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Keywords:

  • Fast food restaurants;
  • food choice;
  • food intake;
  • priming

Summary

Background

Fast food patronage is a frequent reality for many children and their parents. Although there are increasingly healthier alternatives for popular menu items (apple slices instead of French fries), they are infrequently selected.

Objectives

We investigated whether either of two priming tactics – the priming of a role model's food choices or the priming of healthy foods – could influence children to make healthier fast food choices.

Methods

In the priming model condition, 22 children (ranging in age from 6 to 12 years) were presented with 12 photos of 6 admirable and 6 less admirable models and asked, ‘Would this person order apple fries or French fries?’ In the health prime condition, the same children were shown 12 photos of 6 healthy foods and 6 less healthy foods and asked to indicate if each food was healthy or unhealthy.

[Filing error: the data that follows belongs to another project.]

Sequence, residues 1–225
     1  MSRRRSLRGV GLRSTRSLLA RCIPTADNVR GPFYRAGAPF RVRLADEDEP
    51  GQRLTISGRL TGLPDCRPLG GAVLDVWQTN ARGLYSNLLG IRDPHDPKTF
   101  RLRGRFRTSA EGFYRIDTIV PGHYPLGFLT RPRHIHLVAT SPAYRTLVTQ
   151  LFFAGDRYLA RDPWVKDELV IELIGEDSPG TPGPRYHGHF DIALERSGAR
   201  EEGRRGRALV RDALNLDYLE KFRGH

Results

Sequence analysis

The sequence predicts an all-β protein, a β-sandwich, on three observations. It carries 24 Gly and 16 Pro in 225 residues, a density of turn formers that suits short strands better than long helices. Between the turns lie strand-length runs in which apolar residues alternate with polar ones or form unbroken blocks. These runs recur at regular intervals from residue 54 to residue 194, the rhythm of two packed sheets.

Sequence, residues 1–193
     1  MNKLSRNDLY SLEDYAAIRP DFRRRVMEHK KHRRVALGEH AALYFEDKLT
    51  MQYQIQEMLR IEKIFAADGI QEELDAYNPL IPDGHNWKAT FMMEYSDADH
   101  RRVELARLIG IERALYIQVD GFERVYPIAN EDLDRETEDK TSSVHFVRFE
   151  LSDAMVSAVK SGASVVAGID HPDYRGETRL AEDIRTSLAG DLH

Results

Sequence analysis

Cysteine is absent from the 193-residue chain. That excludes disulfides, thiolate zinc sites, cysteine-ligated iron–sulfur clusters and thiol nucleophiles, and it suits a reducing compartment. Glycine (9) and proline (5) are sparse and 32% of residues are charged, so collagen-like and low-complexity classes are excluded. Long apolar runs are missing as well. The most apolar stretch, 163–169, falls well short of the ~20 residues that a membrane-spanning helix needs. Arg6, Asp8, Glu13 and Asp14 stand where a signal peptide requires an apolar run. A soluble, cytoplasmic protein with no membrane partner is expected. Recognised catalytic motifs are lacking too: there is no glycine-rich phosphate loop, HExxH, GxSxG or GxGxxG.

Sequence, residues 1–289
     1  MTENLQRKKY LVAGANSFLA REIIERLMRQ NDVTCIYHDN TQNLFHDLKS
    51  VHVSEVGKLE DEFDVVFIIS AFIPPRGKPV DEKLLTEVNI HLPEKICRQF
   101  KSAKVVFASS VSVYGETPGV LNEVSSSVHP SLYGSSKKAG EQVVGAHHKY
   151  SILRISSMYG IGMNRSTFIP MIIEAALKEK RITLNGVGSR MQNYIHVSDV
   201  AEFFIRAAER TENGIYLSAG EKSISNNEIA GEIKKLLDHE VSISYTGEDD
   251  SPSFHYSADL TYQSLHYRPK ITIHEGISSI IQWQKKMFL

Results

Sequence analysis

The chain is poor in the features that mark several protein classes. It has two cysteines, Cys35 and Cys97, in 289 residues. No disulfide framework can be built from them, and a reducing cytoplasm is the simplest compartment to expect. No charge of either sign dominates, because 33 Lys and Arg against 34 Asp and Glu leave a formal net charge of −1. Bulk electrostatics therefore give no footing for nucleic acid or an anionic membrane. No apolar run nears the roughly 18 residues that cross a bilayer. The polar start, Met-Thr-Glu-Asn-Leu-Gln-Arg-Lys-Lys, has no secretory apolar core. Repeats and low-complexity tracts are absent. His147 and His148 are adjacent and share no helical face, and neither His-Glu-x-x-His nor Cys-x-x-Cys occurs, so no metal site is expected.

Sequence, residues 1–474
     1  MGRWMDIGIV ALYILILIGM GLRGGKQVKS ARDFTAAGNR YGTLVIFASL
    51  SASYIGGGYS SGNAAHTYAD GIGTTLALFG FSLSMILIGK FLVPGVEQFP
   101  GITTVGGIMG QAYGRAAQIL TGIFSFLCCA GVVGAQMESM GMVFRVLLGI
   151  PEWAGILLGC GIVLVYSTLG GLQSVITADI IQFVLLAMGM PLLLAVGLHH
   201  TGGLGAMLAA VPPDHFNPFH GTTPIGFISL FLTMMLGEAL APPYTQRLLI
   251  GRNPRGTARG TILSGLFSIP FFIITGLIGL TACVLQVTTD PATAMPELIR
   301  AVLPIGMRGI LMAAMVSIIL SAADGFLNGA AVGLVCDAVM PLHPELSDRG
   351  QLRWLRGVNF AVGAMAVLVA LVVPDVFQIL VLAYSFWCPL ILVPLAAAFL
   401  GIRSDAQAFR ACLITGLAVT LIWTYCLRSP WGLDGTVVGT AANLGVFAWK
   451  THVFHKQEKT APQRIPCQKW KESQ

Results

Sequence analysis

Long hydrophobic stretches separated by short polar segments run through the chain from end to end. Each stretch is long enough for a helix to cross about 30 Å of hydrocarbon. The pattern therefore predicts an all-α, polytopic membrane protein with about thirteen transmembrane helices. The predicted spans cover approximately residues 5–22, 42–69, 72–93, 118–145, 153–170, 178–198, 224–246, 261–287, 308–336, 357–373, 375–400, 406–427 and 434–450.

Results

When children were asked what various admirable people – such as Batman or Spiderman – would eat, 45% chose apple slices over French fries, which was higher than the health prime (P < 0.001) or the control condition (P < 0.001).

Conclusions

Advising a parent to ask their child ‘What would Batman (or another admired character or person) eat?’ might be an easy step to take in what could be a healthier fast food world.